Today's Paper Obits Crime Food Today's Photos PREP Sports BRUMMETT ONLINE: An unconventional mind QB in tow, questions remain in trenches Puzzles

I am a lawbreaker. One of those illegals. Last week I drove to Little Rock. As I left Fayetteville, I set my cruise control to 75 in a 70-mph zone. About half the other cars passed me.

Along the drive my mind jumped from interstate traffic to inter-state traffic. Immigration. There's an argument abroad that immigrants to the U.S. just need to follow the law. "Get in line." But the legal line is a dysfunctional, congested stand-still.

Imagine you are a U.S. citizen and you have brother or sister, a citizen in Mexico, whom you would like to sponsor to immigrate legally to the U.S. Just follow the law and get in line. That line is 18 years long for an application to be considered. If the loved one is your married son or daughter, it's a 20-year wait. Forget watching the grandkids grow up. No wonder some people run the risk of speeding. They immigrate before they get a green light or a green card. It's a dysfunctional system.

As I drove 75 in the 70 mph zone, I got to thinking about an analogy. What if the federal government arbitrarily set a 15-mph speed limit all on interstate highways? How fast would you drive? Would you be a good, law-abiding citizen and keep to the limit? Or be like me and risk going 5 mph above the law? Either way, going to Little Rock just tuned into a 10 to 15 hour drive.

Maybe you would buy a good radar detector and risk traveling 70 mph-plus? Or would you follow a radar-equipped coyote leader who buzzed past you at 75?

If illegals like that multiplied -- violating the 15-mph limit going 70-plus -- would you support the construction of speed bumps every 100 feet or so to keep the traffic at 15? After all, they should follow the law. Get in line.

It's an imperfect analogy, I know. But the immigration system is as broken as a 15-mph interstate speed limit.

There's a lot of law-and-order hostility toward immigrants these days. The hostility and fear of immigrants seems unfounded to me. It's not like we are being inundated. Traffic has slowed. Unauthorized immigration started dropping in 2007, and the number of unauthorized Mexican immigrants in the U.S. has declined by 1 million since then. The number of undocumented people in the U.S. has been stable for nearly a decade.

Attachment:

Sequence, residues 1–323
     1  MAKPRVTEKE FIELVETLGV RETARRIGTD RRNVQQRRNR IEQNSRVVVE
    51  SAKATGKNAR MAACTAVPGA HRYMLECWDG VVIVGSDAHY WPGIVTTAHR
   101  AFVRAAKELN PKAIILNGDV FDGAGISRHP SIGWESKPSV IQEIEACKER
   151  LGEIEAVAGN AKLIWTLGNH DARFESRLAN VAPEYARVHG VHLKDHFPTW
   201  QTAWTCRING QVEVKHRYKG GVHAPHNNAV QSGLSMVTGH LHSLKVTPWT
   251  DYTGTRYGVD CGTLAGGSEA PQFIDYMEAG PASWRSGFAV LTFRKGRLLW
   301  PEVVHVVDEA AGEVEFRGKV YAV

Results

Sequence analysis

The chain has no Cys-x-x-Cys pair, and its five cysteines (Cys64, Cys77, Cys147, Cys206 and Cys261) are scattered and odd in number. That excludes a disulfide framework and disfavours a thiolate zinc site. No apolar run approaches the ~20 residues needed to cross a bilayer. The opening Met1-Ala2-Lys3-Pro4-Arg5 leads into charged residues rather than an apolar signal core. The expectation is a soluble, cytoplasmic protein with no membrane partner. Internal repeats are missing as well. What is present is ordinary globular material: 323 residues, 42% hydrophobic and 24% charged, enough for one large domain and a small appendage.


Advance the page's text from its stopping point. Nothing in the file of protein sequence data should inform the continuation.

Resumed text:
Typically immigrants are family people who work hard and save. They revitalize our nation's economy. According to the Winthrop Rockefeller Foundation, for every $1 Arkansas spends on services (education, health-care, corrections), immigrants generate $7 in business revenue and tax contributions.

Immigrants are today's job creators. Immigrants are more than twice as likely to start businesses as native-born Americans, and new businesses are the very best creators of new jobs. What's your favorite ethnic restaurant in Northwest Arkansas?

Immigrants embody our American values of hard work and thrift. Latino men have the highest employment rate in Arkansas. Despite their lower incomes, Arkansas immigrants are as likely as natives to own their own homes. They work hard at jobs that others spurn. The economic boom in Northwest Arkansas is energized by immigrant labor in construction, farming, service industries and poultry.

There are at least two reasons immigrant bashing is wrong. The first is self-interest. Immigrants, legal and illegal, add significantly to our economic and cultural vitality. The second is a moral and ethical reason. Immigrants are fellow human beings with the same hopes and dreams we all have. We are called to love our neighbor as ourselves.

Christians should be especially sensitive to the plight of immigrants and refugees. When Jesus was an infant, his family immigrated to Egypt. Jesus and his parents needed hospitality and charity for their survival and well-being. Later as a grown-up, Jesus told his followers, whenever we welcome a stranger, we welcome Jesus himself.

Legal immigration is a family issue. Arbitrary enforcement of unjust laws breaks up and separates families. Families live in shadows of fear. It stifles intentions for hard work, thrift, creativity and community. Immigrant children who have grown up here cannot pursue their education and offer their gifts to our society because we treat them like criminals.

It's time to give a legal path for good people to strive for the American dream. Enough of the deadly, legalistic talk of walls and deportation. "Welcome the stranger," the Bible tells us. That's what they did for my ancestors at Ellis Island.

Commentary on 09/13/2016

Print Headline: Welcome the strangers

Sponsor Content